Green light for more toxic waste at Ipswich's New Chum
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A COURT has given Transpacific Industries approval to dump more than 200,000 tonnes a year of waste at an Ipswich dump.
The Planning and Environment Court ruled Ipswich City Council had no power to limit waste dumped at the New Chum site, while Transpacific said it confirmed it abided by the original permit.
Transpacific was granted a permit by the council 13 years ago, which Judge Robin ruled "left the impression" the annual waste dumped wouldn't exceed 50,000 tonnes.
Among the materials considered as general waste are asbestos and dump protest group IRATE claims to have evidence of other toxic waste being dumped.
Councillors fear the decision will lead to hundreds of semi-trailers heading down the Ipswich Motorway and unlimited waste dumped at the site.
Planning and Development chairman Paul Tully said the court's decision was "extremely disappointing and a travesty of justice for the community".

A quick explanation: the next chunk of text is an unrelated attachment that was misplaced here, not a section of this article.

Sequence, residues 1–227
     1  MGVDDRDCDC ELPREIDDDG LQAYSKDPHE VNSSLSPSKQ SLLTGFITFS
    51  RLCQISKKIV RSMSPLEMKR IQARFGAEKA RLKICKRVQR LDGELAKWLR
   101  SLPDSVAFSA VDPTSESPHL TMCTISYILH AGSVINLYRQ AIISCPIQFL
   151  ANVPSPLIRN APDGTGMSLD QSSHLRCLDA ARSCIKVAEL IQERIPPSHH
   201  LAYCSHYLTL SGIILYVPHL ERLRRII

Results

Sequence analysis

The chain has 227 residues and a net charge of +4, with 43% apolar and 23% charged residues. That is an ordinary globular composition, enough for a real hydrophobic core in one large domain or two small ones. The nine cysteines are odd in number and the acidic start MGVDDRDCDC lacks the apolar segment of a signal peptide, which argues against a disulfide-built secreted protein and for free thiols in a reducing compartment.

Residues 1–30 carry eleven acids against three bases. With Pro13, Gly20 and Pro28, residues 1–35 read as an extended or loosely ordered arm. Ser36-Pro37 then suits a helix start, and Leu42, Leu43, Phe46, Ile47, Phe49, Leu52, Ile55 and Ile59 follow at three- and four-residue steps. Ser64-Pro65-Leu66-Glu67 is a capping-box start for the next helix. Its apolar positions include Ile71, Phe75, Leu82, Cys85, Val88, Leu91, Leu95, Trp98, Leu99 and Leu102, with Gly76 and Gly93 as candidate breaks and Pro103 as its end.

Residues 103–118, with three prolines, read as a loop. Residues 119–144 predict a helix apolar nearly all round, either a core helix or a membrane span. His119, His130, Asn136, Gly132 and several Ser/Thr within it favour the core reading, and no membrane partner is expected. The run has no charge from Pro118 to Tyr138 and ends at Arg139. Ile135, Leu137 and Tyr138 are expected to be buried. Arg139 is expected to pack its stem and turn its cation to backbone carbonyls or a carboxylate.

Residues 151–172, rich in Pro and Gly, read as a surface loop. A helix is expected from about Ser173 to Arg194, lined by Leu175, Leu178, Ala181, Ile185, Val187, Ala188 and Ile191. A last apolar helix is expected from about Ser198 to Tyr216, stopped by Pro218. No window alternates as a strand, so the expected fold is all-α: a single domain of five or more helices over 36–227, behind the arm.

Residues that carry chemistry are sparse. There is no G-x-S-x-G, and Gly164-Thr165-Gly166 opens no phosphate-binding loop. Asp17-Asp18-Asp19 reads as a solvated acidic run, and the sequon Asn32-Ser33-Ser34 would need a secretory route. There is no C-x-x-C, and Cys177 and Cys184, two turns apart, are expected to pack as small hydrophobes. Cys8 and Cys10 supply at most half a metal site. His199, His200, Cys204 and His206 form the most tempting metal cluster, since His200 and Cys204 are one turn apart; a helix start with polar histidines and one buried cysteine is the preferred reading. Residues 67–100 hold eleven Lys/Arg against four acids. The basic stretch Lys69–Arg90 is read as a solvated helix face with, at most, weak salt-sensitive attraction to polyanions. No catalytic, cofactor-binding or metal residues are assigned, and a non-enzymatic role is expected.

"We have believed for 13 years the 1999 decision limited the amount of waste to 50,000 tonnes each year," he said.
Ipswich Mayor Paul Pisasale said he was also extremely disappointed by the decision.
"We intend to make representations to the State Government to explore every avenue to limit the amount of waste going into the Transpacific site," Cr Pisasale said.
A Transpacific spokesman said it was "committed to sustainable waste management practices and to being a valued member of the Ipswich community".
"The decision confirms volumes currently accepted at Transpacific New Chum site are in line with the ICC consent permit issued in 1999," the spokesman said.